Security is mentioned in almost every meeting that I have with CIOs, Enterprise Architects, Operational Technology (OT) specialists and the Operations Engineers. It is a high priority topic, and everyone is looking for the holy grail answer to “How do you secure this XYZ IoT project?”.
It is an important consideration in an Industrial IoT project where a compromise in security can lead to catastrophic failure with the potential impact of a Chernobyl or Bhopal. By putting security in the spotlight, we often overlook the bigger issue of the TRUSTWORTHINESS of an industrial IoT solution.
The Industrial Internet Consortium’s (IIC) Vocabulary Technical Report describes trustworthiness as the degree of confidence one has that the system performs as expected with characteristics including safety, security, privacy, reliability and resilience in the face of environmental disruptions, human errors, system faults and attacks. The IIC’s Industrial Internet of Things, Volume G4: Security Framework (IISF) describes this trustworthiness with this simple model.
Trustworthiness addresses all the potential risk areas rather than just attacks or intrusions. It questions how we deal with environmental disruptions, human errors and system faults or “bugs” over and above security. Each aspect is described extensively in the IISF, but here are the key definitions:
- Security is the condition of the system being protected from unintended or unauthorized access, change or destruction.
- Safety is the condition of the system operating without causing unacceptable risk of physical injury or damage to the health of people, either directly or indirectly, as a result of damage to property or to the environment.
- Reliability is the ability of a system or component to perform its required functions under stated conditions for a specified period of time.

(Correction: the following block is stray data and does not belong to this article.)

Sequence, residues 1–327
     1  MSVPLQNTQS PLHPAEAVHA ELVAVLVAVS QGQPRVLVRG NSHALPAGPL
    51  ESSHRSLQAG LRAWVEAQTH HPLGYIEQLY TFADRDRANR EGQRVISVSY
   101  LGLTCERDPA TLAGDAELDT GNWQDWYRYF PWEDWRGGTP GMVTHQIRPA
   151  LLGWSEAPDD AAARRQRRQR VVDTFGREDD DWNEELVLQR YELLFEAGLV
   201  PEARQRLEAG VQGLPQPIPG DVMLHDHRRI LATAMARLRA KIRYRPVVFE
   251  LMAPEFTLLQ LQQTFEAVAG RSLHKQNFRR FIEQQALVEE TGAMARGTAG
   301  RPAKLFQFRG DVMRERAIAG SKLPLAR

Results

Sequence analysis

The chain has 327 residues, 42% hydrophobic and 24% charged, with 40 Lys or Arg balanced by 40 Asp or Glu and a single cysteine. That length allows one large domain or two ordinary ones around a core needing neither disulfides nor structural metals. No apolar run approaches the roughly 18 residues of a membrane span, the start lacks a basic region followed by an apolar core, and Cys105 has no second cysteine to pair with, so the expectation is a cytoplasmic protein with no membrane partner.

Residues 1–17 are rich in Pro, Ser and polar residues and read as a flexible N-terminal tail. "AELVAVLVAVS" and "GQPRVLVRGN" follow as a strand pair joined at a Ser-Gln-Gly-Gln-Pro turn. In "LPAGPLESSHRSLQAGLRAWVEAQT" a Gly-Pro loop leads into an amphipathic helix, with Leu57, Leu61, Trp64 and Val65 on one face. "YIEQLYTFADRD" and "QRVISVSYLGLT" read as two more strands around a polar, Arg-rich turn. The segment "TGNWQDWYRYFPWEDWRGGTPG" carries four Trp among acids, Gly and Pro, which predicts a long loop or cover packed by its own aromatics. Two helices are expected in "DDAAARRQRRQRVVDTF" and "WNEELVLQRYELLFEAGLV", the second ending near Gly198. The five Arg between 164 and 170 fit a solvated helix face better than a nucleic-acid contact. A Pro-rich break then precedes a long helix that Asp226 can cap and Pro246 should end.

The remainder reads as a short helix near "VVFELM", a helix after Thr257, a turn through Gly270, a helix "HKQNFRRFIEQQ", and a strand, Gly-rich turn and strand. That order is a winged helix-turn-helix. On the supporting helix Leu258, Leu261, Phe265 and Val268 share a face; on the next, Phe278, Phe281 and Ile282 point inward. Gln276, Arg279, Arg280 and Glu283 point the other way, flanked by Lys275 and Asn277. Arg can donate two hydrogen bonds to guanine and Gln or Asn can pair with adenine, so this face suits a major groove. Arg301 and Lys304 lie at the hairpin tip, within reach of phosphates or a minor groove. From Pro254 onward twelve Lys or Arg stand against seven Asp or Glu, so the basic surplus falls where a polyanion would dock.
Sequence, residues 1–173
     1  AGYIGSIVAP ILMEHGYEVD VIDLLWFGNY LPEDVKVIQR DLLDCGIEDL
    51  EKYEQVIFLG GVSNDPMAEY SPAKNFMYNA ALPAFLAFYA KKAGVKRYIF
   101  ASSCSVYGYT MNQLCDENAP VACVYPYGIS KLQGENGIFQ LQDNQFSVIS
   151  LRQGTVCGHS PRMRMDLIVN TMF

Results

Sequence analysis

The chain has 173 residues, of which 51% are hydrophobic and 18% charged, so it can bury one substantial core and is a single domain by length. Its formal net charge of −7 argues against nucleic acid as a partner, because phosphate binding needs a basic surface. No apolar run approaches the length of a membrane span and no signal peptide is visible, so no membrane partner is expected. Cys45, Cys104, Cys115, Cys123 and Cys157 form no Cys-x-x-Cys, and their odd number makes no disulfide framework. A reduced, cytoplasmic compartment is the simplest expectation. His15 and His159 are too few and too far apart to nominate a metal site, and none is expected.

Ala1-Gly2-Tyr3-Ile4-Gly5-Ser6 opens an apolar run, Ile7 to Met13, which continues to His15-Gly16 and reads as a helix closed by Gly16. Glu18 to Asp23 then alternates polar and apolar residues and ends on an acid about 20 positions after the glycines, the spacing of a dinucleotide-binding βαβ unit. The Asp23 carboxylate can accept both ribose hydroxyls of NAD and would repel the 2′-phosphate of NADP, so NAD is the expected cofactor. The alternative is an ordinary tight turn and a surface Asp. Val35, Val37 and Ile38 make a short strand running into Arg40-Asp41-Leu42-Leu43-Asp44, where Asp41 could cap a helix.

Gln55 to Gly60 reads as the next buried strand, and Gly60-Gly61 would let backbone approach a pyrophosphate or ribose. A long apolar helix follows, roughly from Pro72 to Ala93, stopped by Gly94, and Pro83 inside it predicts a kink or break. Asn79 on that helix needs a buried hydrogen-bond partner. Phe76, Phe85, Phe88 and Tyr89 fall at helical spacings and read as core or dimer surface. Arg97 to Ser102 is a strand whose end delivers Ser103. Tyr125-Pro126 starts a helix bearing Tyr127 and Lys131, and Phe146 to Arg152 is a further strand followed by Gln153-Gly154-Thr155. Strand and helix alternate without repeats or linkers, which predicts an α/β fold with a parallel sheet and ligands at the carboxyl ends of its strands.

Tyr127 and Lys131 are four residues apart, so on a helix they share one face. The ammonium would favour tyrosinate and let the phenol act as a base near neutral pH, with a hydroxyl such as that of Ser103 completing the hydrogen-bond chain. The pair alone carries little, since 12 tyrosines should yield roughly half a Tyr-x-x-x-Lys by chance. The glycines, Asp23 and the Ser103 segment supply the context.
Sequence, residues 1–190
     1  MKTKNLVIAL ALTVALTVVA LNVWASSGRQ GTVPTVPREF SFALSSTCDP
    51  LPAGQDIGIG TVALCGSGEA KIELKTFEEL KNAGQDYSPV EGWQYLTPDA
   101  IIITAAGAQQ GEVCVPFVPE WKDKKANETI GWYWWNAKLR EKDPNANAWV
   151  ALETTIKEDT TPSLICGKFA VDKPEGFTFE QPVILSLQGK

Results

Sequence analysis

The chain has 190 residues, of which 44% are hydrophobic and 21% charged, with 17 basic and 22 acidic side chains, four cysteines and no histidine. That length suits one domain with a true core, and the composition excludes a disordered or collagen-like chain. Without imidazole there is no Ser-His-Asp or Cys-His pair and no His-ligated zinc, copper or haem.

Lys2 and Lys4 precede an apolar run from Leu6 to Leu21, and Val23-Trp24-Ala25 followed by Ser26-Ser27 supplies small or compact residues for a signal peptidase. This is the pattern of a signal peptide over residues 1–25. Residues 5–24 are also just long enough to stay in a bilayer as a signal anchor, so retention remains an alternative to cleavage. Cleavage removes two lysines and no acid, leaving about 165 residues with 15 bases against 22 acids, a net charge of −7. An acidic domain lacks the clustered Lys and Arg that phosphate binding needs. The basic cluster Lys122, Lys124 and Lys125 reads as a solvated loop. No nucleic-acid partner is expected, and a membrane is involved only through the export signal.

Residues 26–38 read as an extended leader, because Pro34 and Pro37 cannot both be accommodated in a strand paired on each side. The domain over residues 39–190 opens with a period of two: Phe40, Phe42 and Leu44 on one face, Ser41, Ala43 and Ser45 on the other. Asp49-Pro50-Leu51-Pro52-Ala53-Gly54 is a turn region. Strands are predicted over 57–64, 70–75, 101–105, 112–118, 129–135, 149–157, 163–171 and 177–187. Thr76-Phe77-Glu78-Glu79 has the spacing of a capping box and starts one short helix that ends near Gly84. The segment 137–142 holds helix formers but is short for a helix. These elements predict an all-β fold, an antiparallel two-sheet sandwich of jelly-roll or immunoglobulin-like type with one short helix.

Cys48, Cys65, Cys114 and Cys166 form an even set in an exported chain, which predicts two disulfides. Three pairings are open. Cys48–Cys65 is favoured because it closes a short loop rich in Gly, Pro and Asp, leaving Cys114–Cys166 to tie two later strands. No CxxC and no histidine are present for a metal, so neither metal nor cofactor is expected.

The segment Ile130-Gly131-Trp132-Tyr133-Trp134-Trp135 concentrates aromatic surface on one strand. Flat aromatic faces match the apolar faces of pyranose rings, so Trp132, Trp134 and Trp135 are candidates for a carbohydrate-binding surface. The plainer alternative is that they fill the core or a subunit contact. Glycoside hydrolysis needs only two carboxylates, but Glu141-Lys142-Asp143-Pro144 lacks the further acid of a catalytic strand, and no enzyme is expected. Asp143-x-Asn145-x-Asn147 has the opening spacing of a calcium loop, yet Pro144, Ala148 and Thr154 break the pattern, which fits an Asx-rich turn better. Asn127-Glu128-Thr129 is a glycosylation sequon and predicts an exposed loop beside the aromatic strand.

- Resilience is the emergent property of a system that behaves in a manner to avoid, absorb and manage dynamic adversarial conditions while completing the assigned missions, and reconstitute the operational capabilities after causalities.
- Privacy is the right of an individual or group to control or influence what information related to them may be collected, processed, and stored and by whom, and to whom that information may be disclosed.
Planning and architecting an industrial IoT solution requires that each of these key system characteristics be assured to deliver a trustworthy business solution. This assurance requires the collection and analysis of evidence that supports the design, construction, deployment and test of the system, and its activities in operation. The evidence must support the claim that the right mixture of innate system capabilities and compensating security controls to mitigate risks has been put in place and provide the overall trustworthiness of the IoT system.
The IIC’s Industrial Internet Security Framework (IISF) provides practical guidance to address the assurance requirements of each of the system characteristics from both a business as well as functional and implementation viewpoints. It covers trustworthiness from connectivity at the device level through to the business processes that support the IoT solution.
It is interesting to ask the question “Is security more important that trustworthiness?” in response to “how do you secure your IoT solution?” question and address key system characteristics that were not considered in the hype around IoT security. My answer to the “How do you secure this XYZ IoT project?” question is always the same . . . “let’s design it to be trustworthy, then it will be secure”.
You can get a summary of the IIC frameworks and technical documents here and you can contact us to discuss how to create a trustworthy industrial IoT solution.